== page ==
Senators Unveil Bipartisan Proposal To Exempt CARES Act Stimulus Checks From Private Debt Collection


Bill Would Exempt $1,200 Stimulus Checks From Private Debt Collection

Democrats and Republicans seem to be finding slightly more common ground in Washington these days. Earlier this week, a bipartisan bill was introduced to offer a $4,000 skills training tax credit to workers displaced due to the Covid-19 outbreak. Today, a new bipartisan bill was unveiled that would prevent stimulus checks from being garnished by private debt collectors.

The bill was introduced by the chairman and ranking member of Senate Finance Committee, Senators Chuck Grassley and Ron Wyden, respectively, along with committee members Sherrod Brown and Tim Scott. It would help clean up a potential oversight in the $2.2 trillion CARES Act. While the CARES Act included language preventing stimulus checks from being reduced for tax, state, or federal debts, it omitted any language about private debt collection.

CARES Act Omission Has Caused Hardship For Americans

When stimulus payments started to be deposited in American’s bank accounts, reports quickly surfaced that money was not reaching the intended individuals, but instead was being redirected to banks and private debt collectors to offset existing debts, such as overdraft fees. In one notable case, USAA, whose field of membership focuses on military veterans, took $3,400 in stimulus payments from the family of a disabled veteran to cover existing debt.

The nation’s four largest banks – Bank of America, Citi, JPMorgan Chase, Wells Fargo – announced that they would pause collection on negative balances for 30 days; USAA also agreed to pause collection for 90 days after furor over its seizures. According to Lauren Saunders, associate director of the National Consumer Law Center, a nonpartisan advocacy group. up to a third of Americans have a debt in collection. “Congress authorized these payments because people have lost their jobs and are desperate for money for food. The money needs to go to food, not the debt collectors or back bank fees,” she said.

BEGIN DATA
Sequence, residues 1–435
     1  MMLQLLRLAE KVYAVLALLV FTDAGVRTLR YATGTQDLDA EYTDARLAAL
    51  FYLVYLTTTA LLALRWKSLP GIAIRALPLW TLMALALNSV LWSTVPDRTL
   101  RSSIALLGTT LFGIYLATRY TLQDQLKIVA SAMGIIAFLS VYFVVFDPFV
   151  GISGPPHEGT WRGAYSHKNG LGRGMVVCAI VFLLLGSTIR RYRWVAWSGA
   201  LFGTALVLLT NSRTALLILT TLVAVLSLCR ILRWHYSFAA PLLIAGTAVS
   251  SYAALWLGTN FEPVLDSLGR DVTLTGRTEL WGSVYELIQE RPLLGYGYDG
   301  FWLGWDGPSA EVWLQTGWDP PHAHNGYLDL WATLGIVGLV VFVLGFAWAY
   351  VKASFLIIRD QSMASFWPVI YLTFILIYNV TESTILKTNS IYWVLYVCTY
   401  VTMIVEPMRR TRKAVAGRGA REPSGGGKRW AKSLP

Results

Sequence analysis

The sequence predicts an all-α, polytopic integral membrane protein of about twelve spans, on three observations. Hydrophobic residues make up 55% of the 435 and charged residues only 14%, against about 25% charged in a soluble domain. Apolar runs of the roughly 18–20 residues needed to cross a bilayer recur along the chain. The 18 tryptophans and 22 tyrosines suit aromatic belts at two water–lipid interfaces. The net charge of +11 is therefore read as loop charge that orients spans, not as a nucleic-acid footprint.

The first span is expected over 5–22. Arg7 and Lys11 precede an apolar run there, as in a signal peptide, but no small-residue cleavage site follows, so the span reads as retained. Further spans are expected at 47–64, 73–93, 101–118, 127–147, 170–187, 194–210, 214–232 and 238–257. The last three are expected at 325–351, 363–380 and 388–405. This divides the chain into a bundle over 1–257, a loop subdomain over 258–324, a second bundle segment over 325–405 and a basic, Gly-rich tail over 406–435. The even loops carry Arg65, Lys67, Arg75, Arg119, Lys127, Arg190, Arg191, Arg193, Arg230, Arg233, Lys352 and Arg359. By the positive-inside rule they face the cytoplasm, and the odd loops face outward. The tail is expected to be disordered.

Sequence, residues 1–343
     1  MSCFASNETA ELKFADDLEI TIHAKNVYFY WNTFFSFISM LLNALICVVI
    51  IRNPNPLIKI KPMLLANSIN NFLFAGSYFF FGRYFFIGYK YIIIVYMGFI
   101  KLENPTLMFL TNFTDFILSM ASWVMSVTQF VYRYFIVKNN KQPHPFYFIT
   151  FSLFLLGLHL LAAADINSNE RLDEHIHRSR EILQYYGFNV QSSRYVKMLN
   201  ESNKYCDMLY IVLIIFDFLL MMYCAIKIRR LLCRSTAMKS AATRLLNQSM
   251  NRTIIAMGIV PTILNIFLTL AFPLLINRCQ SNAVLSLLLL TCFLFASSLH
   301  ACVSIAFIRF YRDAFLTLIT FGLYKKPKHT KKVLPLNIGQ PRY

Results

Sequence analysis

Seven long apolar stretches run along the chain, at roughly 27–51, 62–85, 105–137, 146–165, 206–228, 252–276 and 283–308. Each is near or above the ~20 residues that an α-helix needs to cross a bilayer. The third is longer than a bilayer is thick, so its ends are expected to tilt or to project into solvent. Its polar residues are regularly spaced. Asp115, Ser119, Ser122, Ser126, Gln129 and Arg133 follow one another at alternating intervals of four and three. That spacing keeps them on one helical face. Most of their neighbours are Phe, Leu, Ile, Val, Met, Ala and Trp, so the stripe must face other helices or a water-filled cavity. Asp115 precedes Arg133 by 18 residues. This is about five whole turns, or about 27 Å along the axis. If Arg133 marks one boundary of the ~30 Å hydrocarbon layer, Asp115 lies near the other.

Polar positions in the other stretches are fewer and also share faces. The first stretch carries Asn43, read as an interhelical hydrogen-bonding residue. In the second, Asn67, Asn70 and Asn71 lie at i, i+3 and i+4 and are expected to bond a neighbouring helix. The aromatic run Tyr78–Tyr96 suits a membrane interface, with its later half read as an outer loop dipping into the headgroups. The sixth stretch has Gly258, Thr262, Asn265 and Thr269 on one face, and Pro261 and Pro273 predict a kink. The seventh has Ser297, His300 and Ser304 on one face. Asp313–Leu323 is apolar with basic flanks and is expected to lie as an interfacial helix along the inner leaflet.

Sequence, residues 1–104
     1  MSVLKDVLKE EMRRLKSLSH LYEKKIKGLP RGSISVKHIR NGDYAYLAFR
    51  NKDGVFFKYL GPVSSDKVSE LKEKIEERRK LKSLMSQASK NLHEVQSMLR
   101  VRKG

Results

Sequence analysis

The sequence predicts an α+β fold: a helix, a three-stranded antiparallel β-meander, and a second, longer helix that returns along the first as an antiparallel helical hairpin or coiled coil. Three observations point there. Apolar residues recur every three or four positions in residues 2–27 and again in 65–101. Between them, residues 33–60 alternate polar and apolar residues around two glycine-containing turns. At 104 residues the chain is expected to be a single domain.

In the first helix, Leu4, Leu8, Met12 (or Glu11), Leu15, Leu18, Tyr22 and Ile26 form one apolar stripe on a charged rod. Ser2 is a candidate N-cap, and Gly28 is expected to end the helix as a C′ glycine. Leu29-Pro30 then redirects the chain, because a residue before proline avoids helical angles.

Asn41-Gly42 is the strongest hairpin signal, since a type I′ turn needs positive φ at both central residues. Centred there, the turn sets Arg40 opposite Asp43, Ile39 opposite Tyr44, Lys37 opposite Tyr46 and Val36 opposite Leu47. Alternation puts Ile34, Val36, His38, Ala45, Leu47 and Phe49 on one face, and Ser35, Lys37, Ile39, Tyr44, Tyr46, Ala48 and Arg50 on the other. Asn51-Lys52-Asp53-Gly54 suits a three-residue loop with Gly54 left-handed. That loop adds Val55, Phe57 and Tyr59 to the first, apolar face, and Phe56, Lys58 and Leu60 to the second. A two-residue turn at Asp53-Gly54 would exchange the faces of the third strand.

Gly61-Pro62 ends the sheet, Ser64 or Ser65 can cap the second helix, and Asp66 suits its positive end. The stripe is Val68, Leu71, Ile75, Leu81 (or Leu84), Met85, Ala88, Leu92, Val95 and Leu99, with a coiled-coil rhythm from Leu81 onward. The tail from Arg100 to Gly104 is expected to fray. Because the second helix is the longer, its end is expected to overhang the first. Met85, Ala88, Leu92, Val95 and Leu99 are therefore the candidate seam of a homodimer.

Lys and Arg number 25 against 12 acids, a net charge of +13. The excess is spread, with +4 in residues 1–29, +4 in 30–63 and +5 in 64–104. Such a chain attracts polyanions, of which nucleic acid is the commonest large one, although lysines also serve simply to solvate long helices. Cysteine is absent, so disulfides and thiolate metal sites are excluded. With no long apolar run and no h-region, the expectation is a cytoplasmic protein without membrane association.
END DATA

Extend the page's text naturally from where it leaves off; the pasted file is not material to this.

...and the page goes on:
There has been widespread support for preventing stimulus checks from being garnished by private debt collectors. Last month a group of 14 senators, including Kamala Harris and Bernie Sanders sent a letter to Treasury Secretary, Steve Mnuchin, urging him to use the Treasury’s rule making authority to exempt payments from collection. Republican Senator Josh Hawley also joined the chorus of criticism in a separate letter with Senator Sherrod Brown, a co-sponsor of the current bill.

We established these recovery rebates to help individuals and families through the tough times of this pandemic,” Senator Grassley said in a statement Friday. “We did not establish them just so debt collectors could swoop in and undermine that purpose. Our bill will add additional protections from garnishment, preserving congressional intent and shielding folks who need the help.”

“This is a once-in-a-lifetime economic crisis,” Senator Wyden echoed in a statement. “Relief was intended for struggling families, not predatory debt collectors. Our legislation would ensure help gets to the folks who need it to pay their bills.”

If the bill were to pass, the Treasury Department would be directed to tag stimulus payments made via direct deposit, which would allow banks to identify and protect them from garnishment. It would also prevent garnishment for individuals who received paper checks when being deposited. The bill also defines an account review process “of examining deposits in an account to determine if an applicable payment has been deposited into the account during the lookback period,” which would presumably allow retroactive adjustments to any previous garnishments.

By Shahar Ziv